Learn more physics!
Our second Baloney answer comes from a very popular wiki Q&A site. Such sites make little pretense of having reliable answers, so our criticism is kind of a cheap shot. Still, it seemed like a good idea to remind readers of how far off some of these open sites can often get.
Question: "How efficiently does salt melt ice?"
- Mike W. (age 61)
The main answer given is "....Salt doesn't melt ice. Instead, the properties of salt repel cold air and attract warmer air, seemingly melting the ice. ...."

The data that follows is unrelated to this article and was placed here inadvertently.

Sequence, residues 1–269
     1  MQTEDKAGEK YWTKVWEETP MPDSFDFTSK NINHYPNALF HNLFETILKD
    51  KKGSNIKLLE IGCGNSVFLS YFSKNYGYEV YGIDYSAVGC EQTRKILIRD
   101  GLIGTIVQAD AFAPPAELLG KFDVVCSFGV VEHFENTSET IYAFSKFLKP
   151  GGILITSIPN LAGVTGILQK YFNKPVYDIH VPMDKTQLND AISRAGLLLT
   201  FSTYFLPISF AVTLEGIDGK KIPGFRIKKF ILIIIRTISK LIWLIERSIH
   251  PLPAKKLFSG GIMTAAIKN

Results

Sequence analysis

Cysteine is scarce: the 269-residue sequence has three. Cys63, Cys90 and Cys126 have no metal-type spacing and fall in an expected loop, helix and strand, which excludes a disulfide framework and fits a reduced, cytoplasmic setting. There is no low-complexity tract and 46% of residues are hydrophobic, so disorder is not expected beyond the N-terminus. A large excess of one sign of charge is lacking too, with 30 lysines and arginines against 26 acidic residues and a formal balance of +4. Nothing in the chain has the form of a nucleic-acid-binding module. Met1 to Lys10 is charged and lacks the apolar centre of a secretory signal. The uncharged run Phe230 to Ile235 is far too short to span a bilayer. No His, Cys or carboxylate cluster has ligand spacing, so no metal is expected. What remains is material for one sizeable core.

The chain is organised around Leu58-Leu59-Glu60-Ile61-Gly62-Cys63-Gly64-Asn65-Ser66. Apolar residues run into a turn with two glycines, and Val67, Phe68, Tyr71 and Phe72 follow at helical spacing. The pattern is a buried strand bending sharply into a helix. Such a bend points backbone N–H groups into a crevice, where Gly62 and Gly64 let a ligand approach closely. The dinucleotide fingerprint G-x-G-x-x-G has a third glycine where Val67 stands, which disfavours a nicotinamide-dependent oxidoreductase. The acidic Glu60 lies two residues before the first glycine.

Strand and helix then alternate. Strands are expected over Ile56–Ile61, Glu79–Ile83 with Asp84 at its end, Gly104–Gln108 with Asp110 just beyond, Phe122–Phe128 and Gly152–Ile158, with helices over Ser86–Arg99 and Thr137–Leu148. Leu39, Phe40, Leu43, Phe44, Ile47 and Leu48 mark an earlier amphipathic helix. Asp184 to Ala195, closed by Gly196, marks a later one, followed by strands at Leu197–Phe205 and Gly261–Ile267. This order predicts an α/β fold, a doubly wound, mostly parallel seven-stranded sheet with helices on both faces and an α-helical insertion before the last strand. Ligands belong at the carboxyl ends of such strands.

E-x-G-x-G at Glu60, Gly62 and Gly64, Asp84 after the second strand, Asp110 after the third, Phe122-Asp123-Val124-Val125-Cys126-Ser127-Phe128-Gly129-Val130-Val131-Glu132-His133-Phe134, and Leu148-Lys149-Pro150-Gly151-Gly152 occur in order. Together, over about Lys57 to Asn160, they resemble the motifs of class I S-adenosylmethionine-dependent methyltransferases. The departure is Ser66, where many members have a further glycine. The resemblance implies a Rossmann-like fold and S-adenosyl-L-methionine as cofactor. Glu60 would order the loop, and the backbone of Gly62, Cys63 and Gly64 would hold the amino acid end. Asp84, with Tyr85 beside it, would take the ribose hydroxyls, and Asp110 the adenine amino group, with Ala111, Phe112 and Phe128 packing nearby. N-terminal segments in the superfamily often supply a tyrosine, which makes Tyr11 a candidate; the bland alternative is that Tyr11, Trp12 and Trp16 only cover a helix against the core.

Of course, as one can check by searching our site (try search terms "salt, freezing"), or reading any standard text on physical chemistry, salt does indeed lower the melting point of ice. (An even better way to check is to sprinkle some salt on ice.) The primary reason is that the more liquid that forms, the greater the entropy of the salt dissolved in that liquid. This effect has nothing to do with imaginary effects of salt on air. It requires no air or any other complications.
(published on 01/19/2011)
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